100% 0x10, 0x02, 0x0C, 0x01, 0x00, 0x64, 0x00, 0x83, 0x10, 0x03
45% 0x10, 0x02, 0x0C, 0x01, 0x00, 0x2D, 0x00, 0x4C, 0x10, 0x03
Each of these control packets is responded to immediately by the drive unit with something like:
0x10 0x02 0x00 0x0C 0x00 0x00 0x2D 0x02 0x36 0x00 0x83 0x10 0x03
It starts off with the begin packet bytes of 0x01, 0x02. Then 0x00 , 0x0c which would mean, from device 12 to device 0. Strange that it would reply to device zero when device 1 sent the command, but ?? Byte 6 of the packet is the speed, in the packet above it is byte 6 counting from the first byte being index . Bytes 7 & 8 are the power and they threw me for a loop. They’re in nibble form of the actual speed if you read it out loud. For example:
0x10 0x02 0x00 0x0C 0x00 0x00 0x62 0x17 0x81 0x01 0x18 0x10 0x03
Byte 6 is 0x62, for 98 percent and bytes 7 & 8 are 0x17 0x81, this reads as one, seven, eight, one or a power reading of 1,781 watts. Is that weird or what? I tried big endian, little endian, hex, some obscure rotations I’ve seen in the past and other stuff until I just happened to read it out loud and then look at the motor. Shocked is probably the correct term for my reaction.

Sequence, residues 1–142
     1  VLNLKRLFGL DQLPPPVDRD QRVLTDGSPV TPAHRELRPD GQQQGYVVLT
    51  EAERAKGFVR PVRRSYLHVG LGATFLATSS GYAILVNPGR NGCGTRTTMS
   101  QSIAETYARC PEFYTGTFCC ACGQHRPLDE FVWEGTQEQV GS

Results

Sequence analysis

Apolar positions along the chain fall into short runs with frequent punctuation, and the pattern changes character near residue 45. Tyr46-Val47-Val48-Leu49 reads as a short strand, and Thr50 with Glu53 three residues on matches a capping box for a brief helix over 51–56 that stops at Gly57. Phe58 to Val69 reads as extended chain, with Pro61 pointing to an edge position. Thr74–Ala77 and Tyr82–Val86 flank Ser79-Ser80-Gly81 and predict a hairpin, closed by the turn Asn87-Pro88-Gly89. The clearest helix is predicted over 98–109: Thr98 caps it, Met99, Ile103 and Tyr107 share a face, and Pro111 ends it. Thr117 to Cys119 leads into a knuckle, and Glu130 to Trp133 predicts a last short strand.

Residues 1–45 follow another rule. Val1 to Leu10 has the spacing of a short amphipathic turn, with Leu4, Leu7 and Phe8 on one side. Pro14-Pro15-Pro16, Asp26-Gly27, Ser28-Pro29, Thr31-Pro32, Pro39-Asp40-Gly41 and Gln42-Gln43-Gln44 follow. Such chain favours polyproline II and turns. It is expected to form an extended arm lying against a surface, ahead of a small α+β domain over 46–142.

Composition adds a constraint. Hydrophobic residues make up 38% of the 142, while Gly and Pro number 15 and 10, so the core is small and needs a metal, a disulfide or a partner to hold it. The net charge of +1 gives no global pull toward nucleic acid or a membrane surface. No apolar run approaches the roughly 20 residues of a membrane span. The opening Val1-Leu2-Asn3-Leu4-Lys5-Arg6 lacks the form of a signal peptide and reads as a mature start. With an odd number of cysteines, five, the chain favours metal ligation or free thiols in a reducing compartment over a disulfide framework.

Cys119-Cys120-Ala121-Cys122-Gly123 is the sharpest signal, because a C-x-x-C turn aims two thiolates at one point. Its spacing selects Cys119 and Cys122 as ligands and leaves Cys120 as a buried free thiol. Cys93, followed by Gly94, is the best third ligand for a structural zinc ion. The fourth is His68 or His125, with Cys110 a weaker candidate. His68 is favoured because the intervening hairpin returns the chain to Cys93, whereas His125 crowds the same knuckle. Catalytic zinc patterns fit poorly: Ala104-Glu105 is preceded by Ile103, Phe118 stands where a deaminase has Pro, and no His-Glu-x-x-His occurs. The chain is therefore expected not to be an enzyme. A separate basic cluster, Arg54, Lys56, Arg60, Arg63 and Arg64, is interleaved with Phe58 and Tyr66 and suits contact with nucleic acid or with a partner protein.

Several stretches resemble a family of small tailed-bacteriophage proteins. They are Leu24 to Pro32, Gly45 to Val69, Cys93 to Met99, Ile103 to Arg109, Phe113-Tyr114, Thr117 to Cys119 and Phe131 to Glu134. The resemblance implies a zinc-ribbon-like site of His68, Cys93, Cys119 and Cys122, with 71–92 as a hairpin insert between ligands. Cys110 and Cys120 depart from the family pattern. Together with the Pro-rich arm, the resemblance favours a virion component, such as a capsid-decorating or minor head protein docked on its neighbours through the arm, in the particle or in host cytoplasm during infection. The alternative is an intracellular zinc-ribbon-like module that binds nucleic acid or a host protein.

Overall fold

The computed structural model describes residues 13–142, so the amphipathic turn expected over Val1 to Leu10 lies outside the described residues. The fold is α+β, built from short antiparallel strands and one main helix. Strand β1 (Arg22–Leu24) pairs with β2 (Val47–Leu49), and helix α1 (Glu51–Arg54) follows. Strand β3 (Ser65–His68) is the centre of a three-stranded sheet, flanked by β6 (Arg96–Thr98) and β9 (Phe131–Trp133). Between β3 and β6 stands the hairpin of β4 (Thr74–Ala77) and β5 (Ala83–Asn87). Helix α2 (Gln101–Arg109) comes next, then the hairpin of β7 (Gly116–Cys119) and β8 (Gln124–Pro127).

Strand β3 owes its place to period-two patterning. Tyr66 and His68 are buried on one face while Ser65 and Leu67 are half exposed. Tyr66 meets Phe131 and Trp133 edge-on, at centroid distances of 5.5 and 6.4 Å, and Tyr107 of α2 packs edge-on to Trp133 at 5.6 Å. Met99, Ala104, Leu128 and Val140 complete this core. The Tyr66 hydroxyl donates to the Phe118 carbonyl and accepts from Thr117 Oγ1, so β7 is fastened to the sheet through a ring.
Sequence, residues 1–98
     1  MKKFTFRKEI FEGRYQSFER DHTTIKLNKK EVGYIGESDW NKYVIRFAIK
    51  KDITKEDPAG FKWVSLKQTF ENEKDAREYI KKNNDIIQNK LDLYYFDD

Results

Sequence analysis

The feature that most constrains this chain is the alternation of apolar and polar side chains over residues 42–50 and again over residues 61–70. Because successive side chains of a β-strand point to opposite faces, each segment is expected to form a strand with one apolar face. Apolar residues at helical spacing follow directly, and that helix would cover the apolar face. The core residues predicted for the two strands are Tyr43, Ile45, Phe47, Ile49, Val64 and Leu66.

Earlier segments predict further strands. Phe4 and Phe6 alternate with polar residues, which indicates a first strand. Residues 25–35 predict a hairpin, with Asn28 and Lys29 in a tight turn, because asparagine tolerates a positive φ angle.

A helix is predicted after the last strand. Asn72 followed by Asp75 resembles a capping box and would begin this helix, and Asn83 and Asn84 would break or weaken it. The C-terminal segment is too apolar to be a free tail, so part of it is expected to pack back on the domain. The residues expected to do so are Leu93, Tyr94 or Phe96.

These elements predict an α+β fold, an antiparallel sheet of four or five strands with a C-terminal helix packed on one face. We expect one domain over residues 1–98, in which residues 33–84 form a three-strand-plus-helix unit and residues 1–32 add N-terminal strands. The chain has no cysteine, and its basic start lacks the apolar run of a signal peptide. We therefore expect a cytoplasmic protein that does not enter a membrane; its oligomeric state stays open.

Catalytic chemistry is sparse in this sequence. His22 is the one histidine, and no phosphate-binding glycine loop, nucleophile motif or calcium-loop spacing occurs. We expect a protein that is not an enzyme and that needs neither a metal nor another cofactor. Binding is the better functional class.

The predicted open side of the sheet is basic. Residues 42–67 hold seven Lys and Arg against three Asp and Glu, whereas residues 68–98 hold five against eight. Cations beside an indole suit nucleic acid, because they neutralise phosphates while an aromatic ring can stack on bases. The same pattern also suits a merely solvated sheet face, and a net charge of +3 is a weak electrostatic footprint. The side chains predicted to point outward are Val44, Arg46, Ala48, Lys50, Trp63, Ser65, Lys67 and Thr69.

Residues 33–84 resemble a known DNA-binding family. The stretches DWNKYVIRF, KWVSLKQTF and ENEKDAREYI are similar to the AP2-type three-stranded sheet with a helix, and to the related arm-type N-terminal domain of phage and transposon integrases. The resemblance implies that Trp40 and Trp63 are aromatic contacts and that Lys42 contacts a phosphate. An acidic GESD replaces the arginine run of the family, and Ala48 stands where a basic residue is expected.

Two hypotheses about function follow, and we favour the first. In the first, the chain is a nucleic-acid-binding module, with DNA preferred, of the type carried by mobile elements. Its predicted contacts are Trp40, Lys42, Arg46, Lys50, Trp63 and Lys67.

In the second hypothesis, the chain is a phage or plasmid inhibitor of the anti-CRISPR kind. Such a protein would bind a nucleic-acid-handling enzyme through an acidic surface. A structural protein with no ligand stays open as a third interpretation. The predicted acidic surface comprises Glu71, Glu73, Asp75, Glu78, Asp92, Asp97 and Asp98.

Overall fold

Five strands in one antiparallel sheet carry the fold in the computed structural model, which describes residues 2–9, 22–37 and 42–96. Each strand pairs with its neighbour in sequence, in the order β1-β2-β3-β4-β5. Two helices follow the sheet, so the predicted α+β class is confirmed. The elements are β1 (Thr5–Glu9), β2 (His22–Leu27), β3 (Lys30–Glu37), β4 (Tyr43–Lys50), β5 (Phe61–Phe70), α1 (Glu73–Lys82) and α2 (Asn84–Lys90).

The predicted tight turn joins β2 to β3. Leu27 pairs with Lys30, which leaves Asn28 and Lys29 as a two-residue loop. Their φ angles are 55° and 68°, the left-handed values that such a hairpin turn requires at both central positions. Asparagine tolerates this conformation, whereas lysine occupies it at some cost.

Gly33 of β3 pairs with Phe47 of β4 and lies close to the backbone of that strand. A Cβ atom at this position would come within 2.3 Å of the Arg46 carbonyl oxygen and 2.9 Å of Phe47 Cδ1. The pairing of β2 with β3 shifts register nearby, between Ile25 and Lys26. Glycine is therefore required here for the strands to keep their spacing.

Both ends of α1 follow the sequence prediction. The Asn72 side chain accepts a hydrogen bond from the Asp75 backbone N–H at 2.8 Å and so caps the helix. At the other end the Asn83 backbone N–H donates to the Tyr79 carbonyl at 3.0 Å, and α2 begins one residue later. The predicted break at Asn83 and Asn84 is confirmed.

Edit: I had a face-slap moment on this a couple of months after I posted here. The number is simple binary coded decimal; the reason I missed it is because I haven't seen BCD used since the late '70s of last century. I gues it's still used somewhat, but I completely missed it.
So, to calculate the speed: Serial.print(((long)3450 * buffer) / 100); seems to work just fine. It’s a tiny bit off from the actual motor reading on its LCD sometimes, but I think that’s because of the calculations on the two devices being a little different. The power is right on for every instance I have tried.
That's two of their secret protocols I've put on the web now <link>; maybe I should think about hiding for a while...